Why the scenarios after airline bankruptcy are always the same? Why slots are such valuable assets for airlines? and how the allocation of slots works? In this post, I will try to figure out these things. Another airline has just announced bankruptcy. Founded in 1945 Aigle Azur was the second-biggest airline in France. It’s sad when such a “mature” airline becomes to be just a memory. But not for all. Race for airport slots which belonged to this airline has just begun. There is no such thing as a vacancy in aviation. It’s like in nature, a predator sees the weakness and takes advantage of it. Therefore according to Reuters news – there are 14 airlines interested in acquiring this insolvent airline.
What exactly are airport slots?
In easy words. If you are an airline and you would like to have scheduled flights from/to Paris Orly Airport or any other coordinated airport – you cannot do that whenever you want. You have to apply for a slot. This means that you need permission or guarantee from the airport operator, that in this specific period of time for which you applied you will be assured to use the full range of airport infrastructure necessary to arrive or depart from this particular airport. Of course, there is some margin for delays or earlier arrivals caused for example by bad weather because as it’s well mentioned in thepointsguy article about slots…
“slots are less about controlling the punctuality of airlines at the airport, and more about ensuring they control the number of flights operating to or from the airport over the course of an entire day.” – thepointsguy
But remember that the larger the airport, the smaller the margin of flexible time. If you miss your slot for departure at London Heathrow you can expect to wait in a long queue towards the runway.
Why airport slots are so valuable?
Here all fun begins. Slots can cost you a lot. I would compare the slot business to buying advertisements displayed during the Super Bowl. You have finite options for that and a lot of competitors. Therefore you have to have something in your pocket. Day has only 24 hours and if you reduce this by airport opening hours, environmental restrictions, noise restrictions and so on…the available time shrinks and cause it’s very expensive.
Because of operational benefits, it’s widely adopted that the most expensive are morning slots. Midday are a bit less valuable and evenings are cheapest.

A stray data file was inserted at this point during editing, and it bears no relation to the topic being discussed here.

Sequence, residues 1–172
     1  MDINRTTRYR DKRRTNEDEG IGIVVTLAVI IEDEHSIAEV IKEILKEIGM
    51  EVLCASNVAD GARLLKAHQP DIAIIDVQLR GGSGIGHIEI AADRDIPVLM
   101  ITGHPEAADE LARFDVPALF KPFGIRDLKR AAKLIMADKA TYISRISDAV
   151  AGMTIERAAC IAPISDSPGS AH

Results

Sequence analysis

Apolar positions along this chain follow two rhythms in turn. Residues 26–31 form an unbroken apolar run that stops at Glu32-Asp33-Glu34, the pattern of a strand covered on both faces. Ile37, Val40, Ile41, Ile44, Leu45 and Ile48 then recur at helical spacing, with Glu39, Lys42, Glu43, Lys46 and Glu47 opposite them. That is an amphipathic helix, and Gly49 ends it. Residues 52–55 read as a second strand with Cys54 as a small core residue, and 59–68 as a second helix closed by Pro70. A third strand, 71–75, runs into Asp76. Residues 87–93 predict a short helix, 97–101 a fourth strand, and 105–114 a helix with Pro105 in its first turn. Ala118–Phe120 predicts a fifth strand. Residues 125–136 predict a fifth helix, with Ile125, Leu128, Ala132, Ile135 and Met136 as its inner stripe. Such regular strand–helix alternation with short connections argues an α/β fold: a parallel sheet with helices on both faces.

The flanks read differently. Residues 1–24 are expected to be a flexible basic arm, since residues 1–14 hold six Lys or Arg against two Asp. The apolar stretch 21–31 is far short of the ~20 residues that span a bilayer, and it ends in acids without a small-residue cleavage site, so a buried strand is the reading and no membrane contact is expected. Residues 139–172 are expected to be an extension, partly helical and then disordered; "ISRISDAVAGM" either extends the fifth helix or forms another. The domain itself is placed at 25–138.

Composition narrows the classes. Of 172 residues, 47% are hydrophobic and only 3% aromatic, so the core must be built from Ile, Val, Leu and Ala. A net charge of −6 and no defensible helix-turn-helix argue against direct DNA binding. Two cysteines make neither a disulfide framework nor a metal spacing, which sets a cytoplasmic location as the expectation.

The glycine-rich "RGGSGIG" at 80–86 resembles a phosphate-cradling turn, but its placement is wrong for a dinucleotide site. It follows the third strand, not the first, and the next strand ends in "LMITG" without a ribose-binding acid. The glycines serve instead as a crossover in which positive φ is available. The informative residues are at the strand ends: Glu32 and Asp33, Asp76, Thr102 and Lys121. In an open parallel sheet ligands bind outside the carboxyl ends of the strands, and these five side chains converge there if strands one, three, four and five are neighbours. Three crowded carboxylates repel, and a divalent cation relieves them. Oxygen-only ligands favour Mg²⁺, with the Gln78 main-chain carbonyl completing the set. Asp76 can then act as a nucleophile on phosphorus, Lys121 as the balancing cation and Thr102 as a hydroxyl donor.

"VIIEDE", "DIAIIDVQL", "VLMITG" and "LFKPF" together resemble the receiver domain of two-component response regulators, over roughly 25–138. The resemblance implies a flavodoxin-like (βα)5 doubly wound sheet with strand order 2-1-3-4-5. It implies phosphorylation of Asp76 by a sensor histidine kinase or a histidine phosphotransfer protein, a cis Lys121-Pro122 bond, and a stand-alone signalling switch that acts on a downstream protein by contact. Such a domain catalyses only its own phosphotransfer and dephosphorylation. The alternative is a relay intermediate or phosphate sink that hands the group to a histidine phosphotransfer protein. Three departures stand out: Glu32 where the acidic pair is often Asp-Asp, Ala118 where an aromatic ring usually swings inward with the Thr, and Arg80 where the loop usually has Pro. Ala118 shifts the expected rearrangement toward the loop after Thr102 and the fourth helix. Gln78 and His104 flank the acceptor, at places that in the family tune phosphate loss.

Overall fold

How much worth are airport slots?
- Back in 2008, Continental Airlines bought from currently not existing GB Airways – 4 pairs of slots for $52.3 mln each one.
- In 2017 – Scandinavian Airlines sold their two slots for $75 mln to undisclosed buyers.
- But! the record was made in 2016 when Oman Air paid also $75 mln but just for pair of slots. The seller was KLM/Air France
Now just consider all other big hubs around the whole world and imagine how worth is that market. Unthinkable.
Allocation of airport slots
Of course, there must be some rules in this system. Unfortunately, like it very often is, they favor biggers – incumbents. Smaller players have little chances to flight to big world hubs. In 1970′ International Air Transport Association(IATA) set a document called “Worldwide Slot Guidelines” where we can find general rules for slot allocation. These rules are active and widely accepted by 190 airports around the world. Let’s have a look at those most important!
- “Seniority rule” – An airline that was entitled to a slot may apply to retain it next season. This obviously gives an advantage to “incumbent” carriers at the airport.
- “Use it or lose it” – The second rule says that each allocated slot must be at least 80 percent used by the holder, otherwise, it returns to the shared pot
- “Fifty-Fifty” – is a nod towards smaller players. If there are free, not allocated slots (for example taken from the other airline due to failure in complying with rule no.2) – half of them receive an airline that has less than 5 percent slots at a given airport.
Fairness of allocation
Are these rules “fair, neutral and transparent” as it is described by IATA? It was well analyzed by the Economist and let me resist these conclusions. Answer yourself is this fair…
“To comply with the use-it-or-lose-it rule, many airlines resort to artifice, flying smaller planes than necessary in order to spread capacity across their slots, for example, and even running empty “ghost” flights to ensure that the runways are busy at the appointed time.” – The Economist
or maybe this?
“One analysis showed that only 0.4% of Heathrow’s total slots and 0.7% of Paris Charles de Gaulle’s were allocated to new entrants during the period under study.” – The Economist
That’s gonna be interesting to see how the battle for airport slots at Paris Orly will be finished. It’s definitely worth to play all-in cause these slots are very attractive from the operational point of view and the opportunity to take over slots in Paris (on the non-restricted airport!) does not happen very often. I hope I brought you closer to airport slots subject, answered your questions and doubts, and finally that you found that article interesting to read. What are your thoughts?
Do you think that the current slots allocating system is fair? Let me know about this in the comment section.